Following the shooting rampage in Tucson, AZ where (among others) Congresswoman Gabrielle Giffords was shot in the head, Sarah Palin was the recipient of backlash over some political ads she ran that put various Democratic leaders (including Gifford) in crosshairs. She also advised the Republicans “Don’t retreat, reload!” on Twitter and Facebook.
In response to the criticism, Palin has issued a lengthy statement and video address wherein she comes back at the media for their blame directed at her. In the statement, she evokes the term “blood libel.” The exact quote is, “But, especially within hours of a tragedy
unfolding, journalists and pundits should not manufacture a blood libel
that serves only to incite the very hatred and violence they purport to
condemn. That is reprehensible.”
“Blood libel” is an anti-Semitic term for falsehoods that Christians levied against Jewish people, claiming the Jewish people essentially crucified a child and then mixed his blood with matzoh bread during Passover. Jewish leaders are speaking out against Palin’s choice of words.
David Harris, president of the National Democratic Jewish Council, says in a statement, “Instead of dialing down the rhetoric at this difficult moment, Sarah
Palin chose to accuse others trying to sort out the meaning of this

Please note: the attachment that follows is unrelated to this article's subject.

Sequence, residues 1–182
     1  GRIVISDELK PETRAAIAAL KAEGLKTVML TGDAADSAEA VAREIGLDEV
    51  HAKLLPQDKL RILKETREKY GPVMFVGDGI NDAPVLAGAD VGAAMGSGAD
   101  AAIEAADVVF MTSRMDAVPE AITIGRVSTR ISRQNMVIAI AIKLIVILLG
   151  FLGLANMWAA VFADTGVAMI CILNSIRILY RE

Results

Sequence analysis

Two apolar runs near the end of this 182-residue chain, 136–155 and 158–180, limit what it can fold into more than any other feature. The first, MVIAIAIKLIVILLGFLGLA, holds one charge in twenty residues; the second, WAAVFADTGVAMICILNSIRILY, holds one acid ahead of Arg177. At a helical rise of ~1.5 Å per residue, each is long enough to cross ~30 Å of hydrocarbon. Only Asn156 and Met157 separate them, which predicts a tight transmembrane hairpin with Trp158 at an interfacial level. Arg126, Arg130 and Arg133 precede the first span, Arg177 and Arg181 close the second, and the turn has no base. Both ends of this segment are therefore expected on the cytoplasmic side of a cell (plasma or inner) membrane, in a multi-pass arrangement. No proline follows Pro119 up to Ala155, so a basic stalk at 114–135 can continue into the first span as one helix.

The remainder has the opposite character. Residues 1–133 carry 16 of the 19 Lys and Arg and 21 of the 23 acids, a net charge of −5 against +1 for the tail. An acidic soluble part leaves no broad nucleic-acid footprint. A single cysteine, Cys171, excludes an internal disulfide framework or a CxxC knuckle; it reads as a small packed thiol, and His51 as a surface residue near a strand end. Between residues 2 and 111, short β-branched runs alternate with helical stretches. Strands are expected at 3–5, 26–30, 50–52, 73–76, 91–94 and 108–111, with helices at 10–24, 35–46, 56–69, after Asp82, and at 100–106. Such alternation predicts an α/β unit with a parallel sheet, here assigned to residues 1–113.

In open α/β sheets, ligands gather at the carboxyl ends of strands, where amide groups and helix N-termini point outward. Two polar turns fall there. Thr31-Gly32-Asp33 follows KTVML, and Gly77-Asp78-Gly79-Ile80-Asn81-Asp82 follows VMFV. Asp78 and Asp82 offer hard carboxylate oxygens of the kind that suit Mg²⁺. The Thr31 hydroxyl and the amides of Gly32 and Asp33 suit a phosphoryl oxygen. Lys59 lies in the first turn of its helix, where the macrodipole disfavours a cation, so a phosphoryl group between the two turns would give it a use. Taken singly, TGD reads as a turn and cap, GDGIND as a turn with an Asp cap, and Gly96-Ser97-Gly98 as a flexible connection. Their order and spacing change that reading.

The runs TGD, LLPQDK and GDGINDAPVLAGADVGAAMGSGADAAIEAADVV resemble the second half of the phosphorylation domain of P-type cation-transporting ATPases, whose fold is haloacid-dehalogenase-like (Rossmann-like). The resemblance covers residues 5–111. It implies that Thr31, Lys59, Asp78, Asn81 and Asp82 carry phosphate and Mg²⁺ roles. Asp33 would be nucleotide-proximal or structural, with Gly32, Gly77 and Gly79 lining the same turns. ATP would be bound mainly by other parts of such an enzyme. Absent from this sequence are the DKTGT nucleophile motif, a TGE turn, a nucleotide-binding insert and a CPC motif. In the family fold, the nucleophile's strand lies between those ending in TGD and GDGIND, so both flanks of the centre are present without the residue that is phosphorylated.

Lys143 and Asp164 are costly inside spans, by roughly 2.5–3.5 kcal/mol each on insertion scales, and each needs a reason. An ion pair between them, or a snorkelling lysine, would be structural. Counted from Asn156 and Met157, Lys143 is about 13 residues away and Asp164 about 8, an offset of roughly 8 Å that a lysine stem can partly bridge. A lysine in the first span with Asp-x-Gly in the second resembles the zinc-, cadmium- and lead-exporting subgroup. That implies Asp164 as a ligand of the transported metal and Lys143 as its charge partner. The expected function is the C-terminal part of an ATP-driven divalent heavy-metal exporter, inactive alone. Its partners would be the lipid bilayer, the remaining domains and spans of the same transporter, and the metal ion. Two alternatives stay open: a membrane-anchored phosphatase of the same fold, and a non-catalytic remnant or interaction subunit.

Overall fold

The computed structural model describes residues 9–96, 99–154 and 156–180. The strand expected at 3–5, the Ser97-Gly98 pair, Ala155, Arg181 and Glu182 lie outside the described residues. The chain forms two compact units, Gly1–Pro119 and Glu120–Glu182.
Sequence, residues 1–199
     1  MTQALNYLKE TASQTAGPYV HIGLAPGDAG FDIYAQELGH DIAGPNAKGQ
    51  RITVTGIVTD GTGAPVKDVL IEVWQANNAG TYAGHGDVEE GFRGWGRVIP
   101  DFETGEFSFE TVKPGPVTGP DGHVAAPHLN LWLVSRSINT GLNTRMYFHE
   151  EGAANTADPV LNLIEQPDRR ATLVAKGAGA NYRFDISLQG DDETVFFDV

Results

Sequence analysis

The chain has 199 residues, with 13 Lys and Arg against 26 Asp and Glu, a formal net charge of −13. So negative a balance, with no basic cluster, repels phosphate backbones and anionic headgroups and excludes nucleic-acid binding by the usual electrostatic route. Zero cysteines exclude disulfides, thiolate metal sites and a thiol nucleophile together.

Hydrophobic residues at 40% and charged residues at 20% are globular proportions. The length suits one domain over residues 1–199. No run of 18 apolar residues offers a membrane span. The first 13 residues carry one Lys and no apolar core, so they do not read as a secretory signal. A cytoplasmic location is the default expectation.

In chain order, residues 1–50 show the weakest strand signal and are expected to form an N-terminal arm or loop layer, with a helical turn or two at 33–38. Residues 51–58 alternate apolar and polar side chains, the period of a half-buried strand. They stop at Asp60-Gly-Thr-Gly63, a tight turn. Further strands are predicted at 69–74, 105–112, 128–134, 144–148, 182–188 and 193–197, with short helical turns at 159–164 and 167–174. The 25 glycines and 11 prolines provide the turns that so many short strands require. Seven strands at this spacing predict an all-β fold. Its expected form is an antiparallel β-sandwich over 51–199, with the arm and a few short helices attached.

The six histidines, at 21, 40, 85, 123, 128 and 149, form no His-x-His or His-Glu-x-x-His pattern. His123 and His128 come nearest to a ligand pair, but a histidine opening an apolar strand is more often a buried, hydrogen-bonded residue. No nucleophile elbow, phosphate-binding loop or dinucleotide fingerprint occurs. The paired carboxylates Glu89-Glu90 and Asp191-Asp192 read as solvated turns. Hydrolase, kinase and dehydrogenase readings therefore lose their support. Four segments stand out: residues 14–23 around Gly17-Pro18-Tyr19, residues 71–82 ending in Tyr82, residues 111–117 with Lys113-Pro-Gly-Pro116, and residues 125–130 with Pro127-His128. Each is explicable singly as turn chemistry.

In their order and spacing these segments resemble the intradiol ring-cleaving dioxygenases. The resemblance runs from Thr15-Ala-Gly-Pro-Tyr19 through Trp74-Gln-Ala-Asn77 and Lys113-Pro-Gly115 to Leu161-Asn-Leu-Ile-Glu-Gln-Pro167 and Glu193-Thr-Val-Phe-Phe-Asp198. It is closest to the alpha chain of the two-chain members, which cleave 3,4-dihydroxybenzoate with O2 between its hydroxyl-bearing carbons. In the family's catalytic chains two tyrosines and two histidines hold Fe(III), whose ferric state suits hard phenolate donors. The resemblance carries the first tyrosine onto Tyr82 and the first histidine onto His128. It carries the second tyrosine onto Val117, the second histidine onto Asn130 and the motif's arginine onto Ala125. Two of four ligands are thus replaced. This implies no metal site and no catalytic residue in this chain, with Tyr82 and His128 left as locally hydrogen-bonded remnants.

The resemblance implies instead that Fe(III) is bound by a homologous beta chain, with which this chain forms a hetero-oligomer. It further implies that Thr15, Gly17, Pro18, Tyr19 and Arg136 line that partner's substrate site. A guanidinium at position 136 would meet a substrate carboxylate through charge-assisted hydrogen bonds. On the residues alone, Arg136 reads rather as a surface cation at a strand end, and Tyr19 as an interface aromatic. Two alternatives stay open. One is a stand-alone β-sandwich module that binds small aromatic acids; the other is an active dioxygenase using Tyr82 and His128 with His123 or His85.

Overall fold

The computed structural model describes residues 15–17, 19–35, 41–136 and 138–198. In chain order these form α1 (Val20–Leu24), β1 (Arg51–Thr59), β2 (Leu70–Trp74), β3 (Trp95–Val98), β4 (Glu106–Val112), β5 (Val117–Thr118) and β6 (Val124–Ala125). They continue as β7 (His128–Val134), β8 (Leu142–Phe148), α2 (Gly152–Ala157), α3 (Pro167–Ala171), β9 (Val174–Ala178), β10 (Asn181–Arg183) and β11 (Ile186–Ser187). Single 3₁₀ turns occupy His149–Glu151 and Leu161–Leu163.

tragedy of somehow engaging in a ‘blood libel’ against her and others. This is of course a particularly heinous term for
American Jews, given that the repeated fiction of blood libels are
directly responsible for the murder of so many Jews across centuries —
and given that blood libels are so directly intertwined with deeply
ingrained anti-Semitism around the globe, even today.”
Simon Greer, president of Jewish Funds for Justice, goes on to explain the meaning and context of the phrase. “The term ‘blood libel’ is not a synonym for ‘false accusation.’ It refers to a
specific falsehood perpetuated by Christians about Jews for centuries,
a falsehood that motivated a good deal of anti-Jewish violence and
discrimination. Unless someone has been accusing Ms. Palin of killing
Christian babies and making matzoh from their blood, her use of the
term is totally out of line.”
We have to wonder if Palin even really knew what the phrase meant when she used it, because if she did, that’s a heavy term to toss about regarding the media’s treatment of her. It doesn’t seem to fit the situation to us and it seems to be in line with the kind of inflammatory political ads and social network messages that directed the backlash at her in the first place. What do you think?